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Broccoli Diseases

Damping Off

Disease symptoms:

  • Damping off occurs in two stages, i.e. the pre-emergence and the post-emergence phase.
  • In the pre-emergence phase the seedlings are killed just before they reach the soil surface.
  • The young radical and the plumule are killed and there is complete rotting of the seedlings.
  • The post-emergence phase is characterized by the infection of the young, juvenile tissues of the collar at the ground level.
  • The infected tissues become soft and water soaked. The seedlings topple over or collapse.
Damping Off.png

Favourable Conditions:

  • High humidity, high soil moisture, cloudiness and low temperatures below 24° C for few days are ideal for infection and development of disease.
  • Crowded seedlings, dampness due to high rainfall, poor drainage and excess of soil solutes hamper plant growth and increase the pathogenic damping-off.

Survival and spread:

  • Primary: Soil, Seed, Water
  • Secondary: Zoospore through rain splash or wind

Club root of crucifers or Finger and toe disease

Disease symptoms:

  • Stunting and yellowing of plants
  • Leaves become yellowish and wilt on hot days.
  • Club like swelling of root and rootlets
  • Club root is particularly prevalent on soils with a pH below 7, whereas it has been observed that the disease is often less serious on heavy soils and on soils containing little organic matter.
Club root of crucifers or Finger and toe disease.png

Survival and spread:

  • Primary: Soil borne resting spores, which survive for longer periods in soil (10 yrs.) Collateral hosts: Broccoli, Brussels sprout, cabbage, cauliflower, Chinese cabbage, mustard, raddish, turnip
  • Secondary: Resting spores or zoospores carried through irrigation water or by root contact.

Favourable conditions:

  • It occur at a temperature range of 12-270C.
  • High soil moisture
  • Neutral to acidic soils 5-7.0 pH

Alternaria leaf spot

Common on cabbage, cauliflower and mustard.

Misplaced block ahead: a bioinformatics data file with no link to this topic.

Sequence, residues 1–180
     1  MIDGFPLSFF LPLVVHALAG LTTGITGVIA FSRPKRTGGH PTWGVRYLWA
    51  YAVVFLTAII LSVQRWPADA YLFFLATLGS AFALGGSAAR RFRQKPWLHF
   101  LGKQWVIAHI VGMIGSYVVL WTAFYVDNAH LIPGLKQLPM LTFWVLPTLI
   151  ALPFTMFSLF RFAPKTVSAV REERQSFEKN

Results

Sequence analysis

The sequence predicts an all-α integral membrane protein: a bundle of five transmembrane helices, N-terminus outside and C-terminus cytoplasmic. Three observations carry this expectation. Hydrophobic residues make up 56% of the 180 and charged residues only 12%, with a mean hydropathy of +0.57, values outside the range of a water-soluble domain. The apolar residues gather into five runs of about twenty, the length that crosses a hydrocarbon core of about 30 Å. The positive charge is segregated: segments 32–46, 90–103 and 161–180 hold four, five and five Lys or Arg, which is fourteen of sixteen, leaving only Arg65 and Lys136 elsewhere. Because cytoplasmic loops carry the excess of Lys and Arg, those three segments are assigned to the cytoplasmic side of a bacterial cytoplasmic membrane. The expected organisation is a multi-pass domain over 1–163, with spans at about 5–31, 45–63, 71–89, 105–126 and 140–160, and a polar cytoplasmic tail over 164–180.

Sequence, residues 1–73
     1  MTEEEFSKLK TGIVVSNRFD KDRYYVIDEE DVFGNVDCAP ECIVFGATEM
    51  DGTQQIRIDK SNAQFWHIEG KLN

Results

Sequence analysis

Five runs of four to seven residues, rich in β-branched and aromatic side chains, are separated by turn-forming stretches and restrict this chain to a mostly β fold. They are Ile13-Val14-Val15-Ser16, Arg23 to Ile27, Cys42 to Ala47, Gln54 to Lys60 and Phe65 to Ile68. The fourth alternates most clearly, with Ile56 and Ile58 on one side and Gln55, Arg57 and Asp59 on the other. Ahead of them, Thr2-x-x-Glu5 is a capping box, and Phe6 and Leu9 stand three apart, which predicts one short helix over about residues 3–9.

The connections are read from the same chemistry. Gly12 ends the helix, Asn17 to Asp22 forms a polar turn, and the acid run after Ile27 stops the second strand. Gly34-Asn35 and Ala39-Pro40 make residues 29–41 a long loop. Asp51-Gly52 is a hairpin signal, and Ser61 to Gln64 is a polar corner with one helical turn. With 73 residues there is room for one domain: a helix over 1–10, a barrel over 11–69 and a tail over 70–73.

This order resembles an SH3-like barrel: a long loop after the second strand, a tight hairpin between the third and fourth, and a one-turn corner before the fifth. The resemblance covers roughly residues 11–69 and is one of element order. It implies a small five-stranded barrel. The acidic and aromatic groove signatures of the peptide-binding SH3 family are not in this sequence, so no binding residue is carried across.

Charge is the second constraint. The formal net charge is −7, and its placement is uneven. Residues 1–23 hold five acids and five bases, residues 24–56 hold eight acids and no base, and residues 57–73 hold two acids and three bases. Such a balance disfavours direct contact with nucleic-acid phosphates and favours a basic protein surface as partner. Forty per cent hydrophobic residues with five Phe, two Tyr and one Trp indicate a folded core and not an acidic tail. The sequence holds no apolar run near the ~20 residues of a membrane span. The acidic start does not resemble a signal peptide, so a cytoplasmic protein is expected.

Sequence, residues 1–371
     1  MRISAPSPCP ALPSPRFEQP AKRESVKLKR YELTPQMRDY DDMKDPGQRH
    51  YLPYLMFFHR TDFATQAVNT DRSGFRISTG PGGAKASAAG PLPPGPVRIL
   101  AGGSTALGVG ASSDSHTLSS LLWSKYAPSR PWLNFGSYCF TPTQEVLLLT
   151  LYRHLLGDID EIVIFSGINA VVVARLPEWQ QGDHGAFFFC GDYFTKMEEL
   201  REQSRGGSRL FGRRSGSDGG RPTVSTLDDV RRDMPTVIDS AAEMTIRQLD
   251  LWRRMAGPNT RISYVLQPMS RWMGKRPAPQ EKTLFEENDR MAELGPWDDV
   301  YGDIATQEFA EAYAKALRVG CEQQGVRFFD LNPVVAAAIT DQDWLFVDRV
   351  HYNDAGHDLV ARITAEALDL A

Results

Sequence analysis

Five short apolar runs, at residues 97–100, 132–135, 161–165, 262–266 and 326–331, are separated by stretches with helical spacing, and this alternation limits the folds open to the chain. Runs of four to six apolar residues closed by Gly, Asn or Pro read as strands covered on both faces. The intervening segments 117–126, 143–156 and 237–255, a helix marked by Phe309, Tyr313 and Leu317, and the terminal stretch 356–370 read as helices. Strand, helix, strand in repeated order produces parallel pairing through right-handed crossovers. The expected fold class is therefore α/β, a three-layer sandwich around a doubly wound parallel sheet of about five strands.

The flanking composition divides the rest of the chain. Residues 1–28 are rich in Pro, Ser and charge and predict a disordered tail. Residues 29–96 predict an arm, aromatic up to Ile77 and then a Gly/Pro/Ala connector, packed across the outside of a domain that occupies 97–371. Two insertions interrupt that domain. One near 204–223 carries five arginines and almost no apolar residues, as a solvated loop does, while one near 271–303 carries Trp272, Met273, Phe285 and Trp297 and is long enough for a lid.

Disease symptoms:

  • Spots are small, dark coloured
  • They enlarge, soon become circular with a 1mm in diameter
  • Under humid conditions groups of conidiophores will be formed in the spot
  • Spots develop concentric rings
  • Finally the spots coalesce leading to blighting of leaves.
  • Shriveling of seeds and poor germination occurs.
  • Linear spots also appear on petioles, stems, pods and seeds

Survival and spread:

  • Primary: Mycelium persisting in the seed or as spores on seed or from debris
  • Secondary: Wind or insect borne conidia

Favourable conditions:

  • Soil temperature of around 280C
  • High humidity or persistent dew
  • Moist weather with intermittent showers

Black rot

Serious on cabbage, cauliflower, knol-khol and radish

Disease symptoms:

  • First appear as chlorotic or yellow (angular) areas near the leaf margins
  • Yellow area extends to veins and midrib forming characteristic ‘v’ shaped chlorotic spotswhich later turn black
  • Veins and veinlets turn brown and finally black
  • Vascular blackening extend beyond affected veins to midrib, petiole and stem
  • In advanced stages, infection may reach the roots system and blackening of vascular bundles occurs. Bacterial ooze can also be seen on affected parts
  • If the infection is early, the plants wilt and die
  • If the infection is late plants succumb to soft rot and die.

Survival and spread:

  • Primary : Bacterial cells internally seed borneand soil borne
  • Secondary: Bacterial cells dispersed through irrigation water and rain splashes.

Favourable conditions:

  • Relative humidity more than 90%
  • High soil moisture
  • Frequent rains

Downy mildew

Severe in radish, cabbage, cauliflower, mustard and knol-khol.

Disease symptoms:

  • Small purplish brown spots on under surface of leaves
  • Small, pale yellow angular spots on Downy mildew.pngupper surface of leaves, with downy growth on the under surface. The spots coalesce and the leaves shrivel and dries up prematurely
  • In cabbage, these spots expose the heads to soft rot
  • Cauliflower curds look brownish
  • Stems show dark brown and depressed lesions or streaks which later develop downy growth of fungus.

Survival and spread:

  • Primary: Oospores in infected plant debris or in soil
  • Secondary: Wind borne and rain splashed sporangia

Favourable conditions:

  • It occur at a moderate temperature range of 12-270C
  • High soil moisture
  • Neutral to acidic soils, pH 5-7.

White rust

Disease symptoms:

  • White, shiny raised blisters (pustules) on the lower surfaces of leaves, stems and flowers
  • Pustules coalesce to form irregular patches
  • The epidermis ruptures exposing white spore mass which gives the pustule a powdery appearance
  • Distortion of the floral parts including petals, pistils and anthers due to hypertrophy and hyperplasia
  • Plants are malformed

Survival and spread:

  • Primary: Oospores in soil and sporangia from perennial weed hosts in the vicinity
  • Secondary: Wind borne and rain splashed conidia (sporangia) or autonomous zoospores

Favourable conditions:

  • Relative humidity more than 90%
  • High soil moisture
  • Frequent rains

Disease cycles

Downy mildew

Downy mildew Disease cycle.png

White rust

White rust Disease cycle.png

Alternaria leaf spot

Alternaria leaf spot Disease cycle.png

Damping off

IPM for Braccoli

To know the IPM practices for Braccoli, click here.

Source: NIPHM, Directorate of Plant Protection, Quarantine & Storage



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